It’s probably obvious that Postgres is my favorite database. One minor
grievance that I have with the project is that its documentation is almost
entirely optimized for people who ultimately be users of the database rather
than developers of it. An unfortunate side effect of this is that none of the
repository’s standard files (e.g.
README) give much insight into how to get
started with the source code.
In numerous places, some references in files and in errors generated by make
tasks are actively misleading in that they’ll reference an
further instructions. Some investigation will reveal that
actually exist on
master; it’s only generated as part of a release.
The excellent Postgres does of course contain all the information needed to get started with development, but if its has one weakness, it’s that its overwhelming verbosity tends to obscure information.
Here I’ve tried to assemble some succinct instructions for getting started that are useful and more importantly, succinct. I don’t expect most of them to change all that much, but I’ll try to keep the document up-to-date in case they do.
It’s often desirable to have a stable release of Postgres running on your machine for day-to-day work along with your experimental build, so you may want to choose a non-standard build directory and port for development.
A prefix is passed during
configure; I’ve chosen
A port can be overridden with a command line argument to a server or client
psql. It can also be overridden for an entire session by setting
PGPORT environmental variable. I’ve chosen
5433 as my port below.
Clone the repository:
git clone https://github.com/postgres/postgres.git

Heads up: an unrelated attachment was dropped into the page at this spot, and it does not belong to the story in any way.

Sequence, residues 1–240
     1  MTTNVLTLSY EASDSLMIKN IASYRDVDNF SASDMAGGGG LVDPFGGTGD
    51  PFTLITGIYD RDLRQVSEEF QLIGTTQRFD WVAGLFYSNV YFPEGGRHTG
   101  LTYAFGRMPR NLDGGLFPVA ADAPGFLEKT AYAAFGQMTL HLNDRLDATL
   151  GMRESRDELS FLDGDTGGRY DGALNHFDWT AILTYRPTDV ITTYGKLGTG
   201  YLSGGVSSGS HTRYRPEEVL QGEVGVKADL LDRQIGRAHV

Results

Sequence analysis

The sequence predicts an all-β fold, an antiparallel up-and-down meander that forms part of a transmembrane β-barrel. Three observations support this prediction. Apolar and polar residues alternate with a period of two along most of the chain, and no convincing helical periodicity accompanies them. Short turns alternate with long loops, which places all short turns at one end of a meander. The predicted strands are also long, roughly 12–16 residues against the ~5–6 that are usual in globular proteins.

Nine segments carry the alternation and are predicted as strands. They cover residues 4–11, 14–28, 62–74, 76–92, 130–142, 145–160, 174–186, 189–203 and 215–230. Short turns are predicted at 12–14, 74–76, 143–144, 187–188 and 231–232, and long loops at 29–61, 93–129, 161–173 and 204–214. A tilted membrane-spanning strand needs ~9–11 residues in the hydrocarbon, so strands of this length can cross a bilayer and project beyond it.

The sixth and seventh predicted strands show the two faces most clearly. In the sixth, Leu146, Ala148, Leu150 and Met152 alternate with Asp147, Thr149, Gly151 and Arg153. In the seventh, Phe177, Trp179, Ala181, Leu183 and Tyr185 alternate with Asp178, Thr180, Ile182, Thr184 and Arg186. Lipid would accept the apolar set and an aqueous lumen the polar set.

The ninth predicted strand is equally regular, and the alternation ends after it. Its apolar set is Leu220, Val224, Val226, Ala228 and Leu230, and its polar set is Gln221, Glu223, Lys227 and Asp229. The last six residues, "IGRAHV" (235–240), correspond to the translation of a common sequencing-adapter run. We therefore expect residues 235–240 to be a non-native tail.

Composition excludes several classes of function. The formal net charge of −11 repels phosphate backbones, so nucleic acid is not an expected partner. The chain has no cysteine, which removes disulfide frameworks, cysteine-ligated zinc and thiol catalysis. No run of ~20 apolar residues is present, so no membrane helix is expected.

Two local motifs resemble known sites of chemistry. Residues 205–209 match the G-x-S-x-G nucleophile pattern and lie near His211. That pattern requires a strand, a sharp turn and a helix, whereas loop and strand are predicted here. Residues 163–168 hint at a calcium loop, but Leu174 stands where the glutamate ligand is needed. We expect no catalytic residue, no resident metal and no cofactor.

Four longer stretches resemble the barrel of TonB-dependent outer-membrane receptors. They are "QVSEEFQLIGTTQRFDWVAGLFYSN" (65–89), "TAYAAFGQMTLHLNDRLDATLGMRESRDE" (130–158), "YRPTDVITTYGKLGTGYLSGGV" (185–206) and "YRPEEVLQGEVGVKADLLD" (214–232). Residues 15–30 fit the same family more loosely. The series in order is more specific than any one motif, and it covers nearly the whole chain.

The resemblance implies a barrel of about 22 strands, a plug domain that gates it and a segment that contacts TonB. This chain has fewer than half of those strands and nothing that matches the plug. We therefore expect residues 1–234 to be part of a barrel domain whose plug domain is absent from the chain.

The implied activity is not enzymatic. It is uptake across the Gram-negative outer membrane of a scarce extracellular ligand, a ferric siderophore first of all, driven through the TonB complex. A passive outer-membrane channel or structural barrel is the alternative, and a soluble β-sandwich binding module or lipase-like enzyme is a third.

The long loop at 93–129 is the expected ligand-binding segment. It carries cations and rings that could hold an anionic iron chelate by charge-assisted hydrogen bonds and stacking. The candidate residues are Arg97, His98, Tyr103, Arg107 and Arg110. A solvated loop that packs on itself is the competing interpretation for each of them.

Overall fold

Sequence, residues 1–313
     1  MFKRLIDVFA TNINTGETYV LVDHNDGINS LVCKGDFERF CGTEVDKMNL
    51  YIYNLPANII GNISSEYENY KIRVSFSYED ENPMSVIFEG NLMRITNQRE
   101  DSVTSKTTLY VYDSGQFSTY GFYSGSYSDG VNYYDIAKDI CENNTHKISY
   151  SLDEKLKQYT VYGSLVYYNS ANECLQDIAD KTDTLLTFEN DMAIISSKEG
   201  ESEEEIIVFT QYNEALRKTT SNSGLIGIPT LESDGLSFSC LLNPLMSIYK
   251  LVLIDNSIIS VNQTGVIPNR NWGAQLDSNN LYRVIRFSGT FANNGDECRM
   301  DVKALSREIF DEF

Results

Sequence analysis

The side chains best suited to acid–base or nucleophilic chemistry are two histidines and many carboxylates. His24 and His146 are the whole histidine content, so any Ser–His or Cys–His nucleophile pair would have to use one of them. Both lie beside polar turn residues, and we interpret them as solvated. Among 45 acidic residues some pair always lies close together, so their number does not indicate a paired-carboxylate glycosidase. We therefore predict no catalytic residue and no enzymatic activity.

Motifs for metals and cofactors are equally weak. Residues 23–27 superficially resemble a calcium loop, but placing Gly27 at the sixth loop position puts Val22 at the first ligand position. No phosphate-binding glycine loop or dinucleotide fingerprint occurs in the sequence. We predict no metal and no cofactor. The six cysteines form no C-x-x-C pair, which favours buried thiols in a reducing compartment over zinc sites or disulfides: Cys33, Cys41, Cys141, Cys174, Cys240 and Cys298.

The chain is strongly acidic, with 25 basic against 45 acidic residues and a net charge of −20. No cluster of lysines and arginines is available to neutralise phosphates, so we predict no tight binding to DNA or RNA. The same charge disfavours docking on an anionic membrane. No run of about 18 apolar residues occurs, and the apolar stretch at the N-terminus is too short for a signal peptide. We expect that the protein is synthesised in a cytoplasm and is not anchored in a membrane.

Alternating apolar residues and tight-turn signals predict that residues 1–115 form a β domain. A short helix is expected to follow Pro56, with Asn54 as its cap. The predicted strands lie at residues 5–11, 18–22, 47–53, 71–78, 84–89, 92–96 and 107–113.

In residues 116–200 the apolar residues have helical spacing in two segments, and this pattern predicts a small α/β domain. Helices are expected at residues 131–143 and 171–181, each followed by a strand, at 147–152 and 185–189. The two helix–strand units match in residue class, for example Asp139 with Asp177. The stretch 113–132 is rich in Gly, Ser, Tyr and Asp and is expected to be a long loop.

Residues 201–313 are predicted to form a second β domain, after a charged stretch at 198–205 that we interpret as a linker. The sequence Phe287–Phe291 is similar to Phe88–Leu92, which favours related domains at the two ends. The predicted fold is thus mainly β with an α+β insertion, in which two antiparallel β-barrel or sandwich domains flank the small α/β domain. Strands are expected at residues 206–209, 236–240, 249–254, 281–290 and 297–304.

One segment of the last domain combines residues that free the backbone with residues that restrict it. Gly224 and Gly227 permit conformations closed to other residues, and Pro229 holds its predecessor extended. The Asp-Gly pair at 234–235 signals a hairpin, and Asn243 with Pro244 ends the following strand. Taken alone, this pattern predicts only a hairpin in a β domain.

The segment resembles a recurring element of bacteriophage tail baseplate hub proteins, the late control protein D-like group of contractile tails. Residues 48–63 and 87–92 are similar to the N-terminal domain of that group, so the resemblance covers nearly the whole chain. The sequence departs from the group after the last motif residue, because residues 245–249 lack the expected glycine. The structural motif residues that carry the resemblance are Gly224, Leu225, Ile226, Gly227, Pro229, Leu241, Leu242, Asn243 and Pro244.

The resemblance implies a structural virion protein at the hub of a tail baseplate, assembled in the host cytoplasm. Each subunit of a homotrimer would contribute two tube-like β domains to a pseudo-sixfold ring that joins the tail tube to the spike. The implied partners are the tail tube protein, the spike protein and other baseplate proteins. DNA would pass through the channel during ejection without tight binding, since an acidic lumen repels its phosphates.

Run configure with a
prefix pointing to your chosen target build directory:
./configure --prefix /opt/postgres
Then build it. The
-j option gives you some parallelism which will probably
help if you’re on a modern computer.
Install the result to the
prefix configured above:
Initialize a data directory and start an instance of Postgres right in your
terminal. This is convenient because you can see any logging that it emits and
you can restart it easily with
/opt/postgres/bin/initdb -D data /opt/postgres/bin/postgres -D data -p 5433
Now create a database and connect to it:
/opt/postgres/bin/createdb -p 5433 brandur-test /opt/postgres/bin/psql -p 5433 brandur-test
Postgres doesn’t have much in the way of standard unit testing, but instead relies heavily on a thorough regression suite. Run it with:
The command will start a new server, set it up, run the suite, and then tear it down. This is a reliable way to get consistent results, but is somewhat slow. A faster version is also provided which can use a server that you already have running elsewhere:
PGPORT=5433 make installcheck
There’s also a parallel version available to further improve speed:
PGPORT=5433 make installcheck-parallel
Changes to Postgres are submitted as patch file email attachments to the PG
Hackers mailing list. Traditionally, Postgres required that
patches were in a particular style called “context format” (as generated by the
-c option), but that constraint has since loosened a bit as the
“unified diff” (probably what you’re used to seeing from programs like
diff) has become widely considered to more legible.
One good method for producing a patch that will be acceptable on the mailing
list is the use of
git format-patch 1. This command formats each commit as
a separate file named based on the commit message, and includes each entire
commit message within the files for extra context. For example:
$ git format-patch master... 0001-Implement-SortSupport-for-macaddr-data-type.patch
Regardless of the tool you use, good commit hygiene is still of paramount
importance, so remember to squash and fix using
git rebase -i before
producing patch files.
1 Note that
git format-patch is not officially endorsed and so your mileage
with its usage may vary.